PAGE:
Dwayne Haskins' first start features growth, room to improve

BUFFALO -- As he stood at the podium answering questions Sunday, Washington Redskins quarterback Dwayne Haskins projected something different than he had 10 days earlier. Perhaps it was a sign of growth; perhaps he just felt better about how he handled his first start, even if it had come in a touchdown-less defeat.

In Minnesota, following a struggle in relief, he spoke so low to reporters he could barely be heard from 5 feet away. The defeat and his own performance had dragged him down. On Sunday in Buffalo, he wasn't upbeat, but wasn't downcast. He liked a lot of what he did in the game, yet understands there is room for improvement. He was even-keeled, as teammate Terry McLaurin told him last week that he needed to be.

Interim coach Bill Callahan said he didn't yet know if Haskins would start after the bye week against the New York Jets. But, for the Redskins, Sunday represented a start. Haskins completed 15 of 22 for 144 yards in a 24-9 loss. There weren't any interceptions -- which was good; there weren't any touchdowns -- which didn't help.

"As the game went on I got more and more confident," Haskins said. "I was seeing the field better and better and there were things I saw before it happened. That's a part of playing quarterback and getting reps. I want to play natural and instinctive. I felt that going into this game. Hopefully I keep going the rest of the season."

Haskins showed some of what the coaches want: He ran a cleaner huddle and played with poise. It might be a low bar, but keep in mind this is someone many in the organization felt needed to sit all season. However, with Case Keenum sidelined because of a concussion -- and with no desire to play Colt McCoy, a quarterback many veterans would prefer -- they turned to Haskins.

One veteran said that even though other players might prefer another quarterback who could help them win now, he would understand and support the move. At 1-8, that makes sense.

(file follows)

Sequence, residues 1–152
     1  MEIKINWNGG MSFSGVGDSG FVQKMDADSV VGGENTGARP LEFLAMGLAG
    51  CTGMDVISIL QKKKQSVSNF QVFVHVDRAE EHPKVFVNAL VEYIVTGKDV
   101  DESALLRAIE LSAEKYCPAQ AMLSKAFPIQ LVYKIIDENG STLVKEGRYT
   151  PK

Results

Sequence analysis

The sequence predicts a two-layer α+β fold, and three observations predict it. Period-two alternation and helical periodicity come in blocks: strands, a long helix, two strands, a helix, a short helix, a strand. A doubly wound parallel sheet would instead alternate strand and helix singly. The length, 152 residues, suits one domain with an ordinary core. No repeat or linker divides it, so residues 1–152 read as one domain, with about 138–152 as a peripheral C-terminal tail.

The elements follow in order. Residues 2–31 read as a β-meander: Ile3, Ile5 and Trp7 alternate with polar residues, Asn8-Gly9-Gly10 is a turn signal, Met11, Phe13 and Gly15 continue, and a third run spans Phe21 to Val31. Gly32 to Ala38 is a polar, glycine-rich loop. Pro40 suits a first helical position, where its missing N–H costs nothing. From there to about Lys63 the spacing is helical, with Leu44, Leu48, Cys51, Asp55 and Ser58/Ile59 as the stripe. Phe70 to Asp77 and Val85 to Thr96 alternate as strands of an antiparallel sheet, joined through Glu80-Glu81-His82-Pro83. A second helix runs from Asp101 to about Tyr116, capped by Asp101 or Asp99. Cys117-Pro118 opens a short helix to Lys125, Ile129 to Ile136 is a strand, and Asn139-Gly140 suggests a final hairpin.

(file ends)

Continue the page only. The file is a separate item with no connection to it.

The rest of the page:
"I don't want to step on nobody's toes," said another veteran, guard Ereck Flowers. "[But] I'd be fine with [Haskins]. I'd be fine with anybody, but a lot of people are excited for him. We want to see him do very good. Given the opportunity to prepare during the week he'll get a lot better."

To an extent, that's what happened in Buffalo.

"I thought he was really efficient in a lot of areas," Callahan said. "He managed the offense well. I like how he functioned in the pre- and post-snap. His reads were clean. I'm sure there he'd want a couple plays back, but overall he didn't force a lot of throws. It was a pretty efficient day."

Haskins didn't challenge Buffalo down the field, with only one pass that traveled 20 yards in the air -- an underthrown ball on a deep out. He said with a single-high safety playing deep, there weren't many great chances to do so. The Redskins were conservative, partly by design to help Haskins. One player called a lot of their plays "Day 1 installs." They wanted to make Haskins comfortable.

"We just wanted to manage the ball," Callahan said. "Not to be conservative, but just be effective and be efficient."

Haskins made a good throw against a blitz to receiver Paul Richardson on a third-and-6 in the fourth quarter, throwing it almost sidearm around a free rusher. He picked up another third down with a nine-yard run. But they also want him to keep improving in protections, a tough but necessary area for a rookie. The Bills sacked him four times, once in part because of a free rusher -- Haskins later said he needed to slide the protection that way. He just didn't think he'd blitz. He also overshot an open Trey Quinn in the fourth quarter for what would have been a long gain.

"It wasn't all perfect," running back Adrian Peterson said, "but for a first start he did good. You can tell he was dialed in."

The coaches wanted him out of the huddle quick enough so he wasn't always snapping the ball late in the play clock; the ideal time was between six to 10 seconds. Only a few times did they snap it with one or two seconds left. They wanted him to look players in the eyes and project confidence.

Richardson said he liked that Haskins would look them in the eye. He liked that Haskins would talk to them on the sidelines about what they saw on a particular coverage -- whether it was man or zone; whether they felt they could win against a certain look.

"I got a lot of respect for how he handled it," Richardson said. "The fact that he was aware and trying to make his presence felt, you respect that out of a quarterback. That means he has a lot of confidence right now."

Callahan said he liked how Haskins transferred what he learned in the classroom onto the field. He also had a number of people in the organization giving him encouragement throughout the week, or letting him know what he needed to do. Before the game, Peterson told him to "own it."

Haskins is not a boisterous person and therefore is not always a big presence. But his energy was evident in pregame warm-ups, the way he greeted teammates or threw the ball or danced on occasion to the music or how he simply walked. He looked confident. There's a reason he said he felt that way.

"More laser-focused, more intense," Haskins said. "Something I took pride in and made it important."